A Branch of Silver, A Branch of Gold Anne Elisabeth Stengl A Time To Rise Nadine Brandes ‘sccelerant Ronie Kendig Bellanok Ralene Burke Black Tiger Sara Baysinger Darkened Hope J. L. Mbewe Defy Tricia Mingerink Domino Kia Heavey King’s Folly Jill Williamson New Name A.C. Williams Rebirth Amy Brock McNew Saint Death Mike Duran Samara’s Peril Jaye L. Knight Scarlet Moon S.D. Grimm Siren’s Song Mary Weber Songkeeper Gillian Bronte Adams Star Realms: Rescue Run Jon Del Arroz Tainted Morgan Busse The Shattered Vigil Patrick W. Carr Unblemished Sara Ella
(10) HEALTH SETBACK. Eric Flint told about his latest medical problems in a public Facebook post.
Well, there’s been a glitch in my serene and inexorable progress toward eradicating my cancer. I developed an abscess at the site where the pancreas drain came out of my abdomen from the splenectomy. (Nasty damn thing! Painful as hell, too.) So I had to go back into the hospital for five days while the doctors drained it and pumped me full of antibiotics. I’m now on a home IV antibiotic regimen.
In the meantime, my oncologists suspended the chemotherapy regimen until the 20th. Chemo depresses the immune system so you really don’t want to pile it on top of an active infection. (That’s probably why I developed the abscess in the first place, in fact.) I’d just finished the third cycle, so what’s essentially happening is that we’re suspending one cycle and will resume the fourth cycle right when the fifth one would have originally started…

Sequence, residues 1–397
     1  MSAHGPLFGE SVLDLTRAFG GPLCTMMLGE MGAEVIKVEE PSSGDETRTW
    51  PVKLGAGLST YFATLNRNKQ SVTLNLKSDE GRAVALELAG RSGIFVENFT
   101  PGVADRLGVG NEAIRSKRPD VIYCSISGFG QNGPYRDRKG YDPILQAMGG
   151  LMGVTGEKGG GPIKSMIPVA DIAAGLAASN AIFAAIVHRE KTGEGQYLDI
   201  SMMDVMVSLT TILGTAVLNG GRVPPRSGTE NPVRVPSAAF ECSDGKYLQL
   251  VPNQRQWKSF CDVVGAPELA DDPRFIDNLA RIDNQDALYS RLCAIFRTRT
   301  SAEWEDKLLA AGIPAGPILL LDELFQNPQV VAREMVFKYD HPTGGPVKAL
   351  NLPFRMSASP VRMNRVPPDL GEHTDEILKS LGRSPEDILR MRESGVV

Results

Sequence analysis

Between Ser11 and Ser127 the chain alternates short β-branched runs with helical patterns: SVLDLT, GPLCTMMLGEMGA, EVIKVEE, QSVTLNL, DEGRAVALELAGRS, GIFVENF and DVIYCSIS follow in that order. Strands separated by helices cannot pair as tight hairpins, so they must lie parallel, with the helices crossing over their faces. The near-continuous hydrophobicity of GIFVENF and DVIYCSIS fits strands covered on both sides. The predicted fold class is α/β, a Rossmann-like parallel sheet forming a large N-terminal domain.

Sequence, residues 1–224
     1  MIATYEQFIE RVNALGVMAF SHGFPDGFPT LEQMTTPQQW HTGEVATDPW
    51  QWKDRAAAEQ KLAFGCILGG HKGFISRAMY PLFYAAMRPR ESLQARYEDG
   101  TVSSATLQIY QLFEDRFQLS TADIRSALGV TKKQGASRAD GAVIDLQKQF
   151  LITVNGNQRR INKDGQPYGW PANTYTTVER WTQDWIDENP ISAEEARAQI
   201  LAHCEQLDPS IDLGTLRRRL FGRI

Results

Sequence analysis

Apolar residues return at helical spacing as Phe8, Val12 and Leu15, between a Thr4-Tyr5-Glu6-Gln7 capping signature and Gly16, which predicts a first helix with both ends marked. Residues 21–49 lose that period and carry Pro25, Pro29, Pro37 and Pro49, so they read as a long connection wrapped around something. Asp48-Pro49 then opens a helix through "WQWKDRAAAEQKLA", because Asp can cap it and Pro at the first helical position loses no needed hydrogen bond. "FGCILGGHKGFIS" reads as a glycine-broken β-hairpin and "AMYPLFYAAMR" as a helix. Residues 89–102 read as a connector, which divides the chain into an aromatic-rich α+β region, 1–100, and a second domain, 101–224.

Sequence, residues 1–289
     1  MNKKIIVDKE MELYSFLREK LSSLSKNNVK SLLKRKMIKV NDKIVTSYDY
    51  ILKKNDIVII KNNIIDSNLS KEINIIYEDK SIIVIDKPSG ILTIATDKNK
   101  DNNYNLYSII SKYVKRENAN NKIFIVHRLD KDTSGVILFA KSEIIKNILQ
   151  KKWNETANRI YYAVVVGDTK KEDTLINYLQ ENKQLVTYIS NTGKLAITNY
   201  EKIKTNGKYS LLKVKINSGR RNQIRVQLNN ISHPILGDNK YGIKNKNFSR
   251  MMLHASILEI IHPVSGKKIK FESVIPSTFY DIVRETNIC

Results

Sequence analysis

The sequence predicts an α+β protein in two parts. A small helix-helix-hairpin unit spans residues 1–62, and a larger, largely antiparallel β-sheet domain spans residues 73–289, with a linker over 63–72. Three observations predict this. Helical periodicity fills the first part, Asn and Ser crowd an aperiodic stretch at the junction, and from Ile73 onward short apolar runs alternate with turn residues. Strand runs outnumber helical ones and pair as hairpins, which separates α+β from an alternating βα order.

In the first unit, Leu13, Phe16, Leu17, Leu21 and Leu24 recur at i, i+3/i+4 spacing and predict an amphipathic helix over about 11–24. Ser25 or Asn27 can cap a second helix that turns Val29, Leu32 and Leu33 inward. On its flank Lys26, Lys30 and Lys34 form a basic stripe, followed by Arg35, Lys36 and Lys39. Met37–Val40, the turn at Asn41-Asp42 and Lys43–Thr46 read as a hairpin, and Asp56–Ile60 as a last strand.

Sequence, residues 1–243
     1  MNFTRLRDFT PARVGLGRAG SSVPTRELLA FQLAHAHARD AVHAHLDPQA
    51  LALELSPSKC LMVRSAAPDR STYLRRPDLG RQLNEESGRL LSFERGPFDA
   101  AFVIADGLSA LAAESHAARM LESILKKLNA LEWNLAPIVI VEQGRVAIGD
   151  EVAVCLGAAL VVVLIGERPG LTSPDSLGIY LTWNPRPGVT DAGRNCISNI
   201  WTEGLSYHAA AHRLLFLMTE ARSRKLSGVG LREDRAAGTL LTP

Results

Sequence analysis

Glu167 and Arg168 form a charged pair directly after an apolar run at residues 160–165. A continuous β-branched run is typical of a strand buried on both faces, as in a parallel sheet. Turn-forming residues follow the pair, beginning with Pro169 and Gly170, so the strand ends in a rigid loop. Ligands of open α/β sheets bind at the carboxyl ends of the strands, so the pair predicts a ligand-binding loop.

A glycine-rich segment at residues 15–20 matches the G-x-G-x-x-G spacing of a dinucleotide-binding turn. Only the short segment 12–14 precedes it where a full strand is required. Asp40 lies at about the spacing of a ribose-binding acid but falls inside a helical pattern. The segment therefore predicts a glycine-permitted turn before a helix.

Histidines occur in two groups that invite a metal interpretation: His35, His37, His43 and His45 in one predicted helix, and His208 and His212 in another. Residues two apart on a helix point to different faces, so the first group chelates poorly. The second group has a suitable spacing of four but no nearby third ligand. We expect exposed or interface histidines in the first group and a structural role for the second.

(11) TODAY IN HISTORY
- April 6, 1968 — Stanley’s Kubrick’s science-fiction classic 2001: A Space Odyssey makes its debut in movie theaters.
Trivial Trivia: In Kubrick’s next movie, Clockwork Orange, there is a scene in the record store where the LP for 2001 is displayed.
(12) RICKLES OBIT. Famous comedian Don Rickles (1926-2017) passed away today at the age of 90. His genre work included The Twilight Zone, “Mr. Dingle, the Strong” (1961), X: The Man with the X-Ray Eyes, both The Addams Family and The Munsters, The Wild, Wild, West, I Dream of Jeannie, and Tales from the Crypt. Late in life he voiced Mr. Potato Head in the Toy Story film series.
(13) DO YOU HAVE THESE? James Davis Nicoll is back with “Twenty Core Epic Fantasies Every True SF Fan Should Have On Their Shelves”
As with the two previous core lists, here are twenty epic fantasies chosen entirely on the basis of merit and significance to the field. No implication is intended that these are the only twenty books you should consider.
I agree that was wise to say, since he omits the first three authors whose names I’d expect to see on such a list. On the other hand, if not for Nicoll’s list I would have remained unaware that Kara Dalkey (someone I knew at LASFS 40 years ago) has written a well-regarded fantasy.
(14) WHITEWASHING. Steven Barnes shares “Ten Thoughts on Whitewashing”. Here are the first five.
The whitewashing controversy is pretty simple at its core:
- if a character’s race is changed toward yours, you will tend to be sanguine with it. If it is changed away from yours, you will tend to object. If you have control of the property, you will choose changes toward you, on average.
- To this end, if you are group X, you will put X’s into makeup to resemble Y’s so you can control the image systems and keep the money circulating in your own communities. When that stops working, you’ll change the back-stories. It all achieves the same result, and other X’s will support any change you make.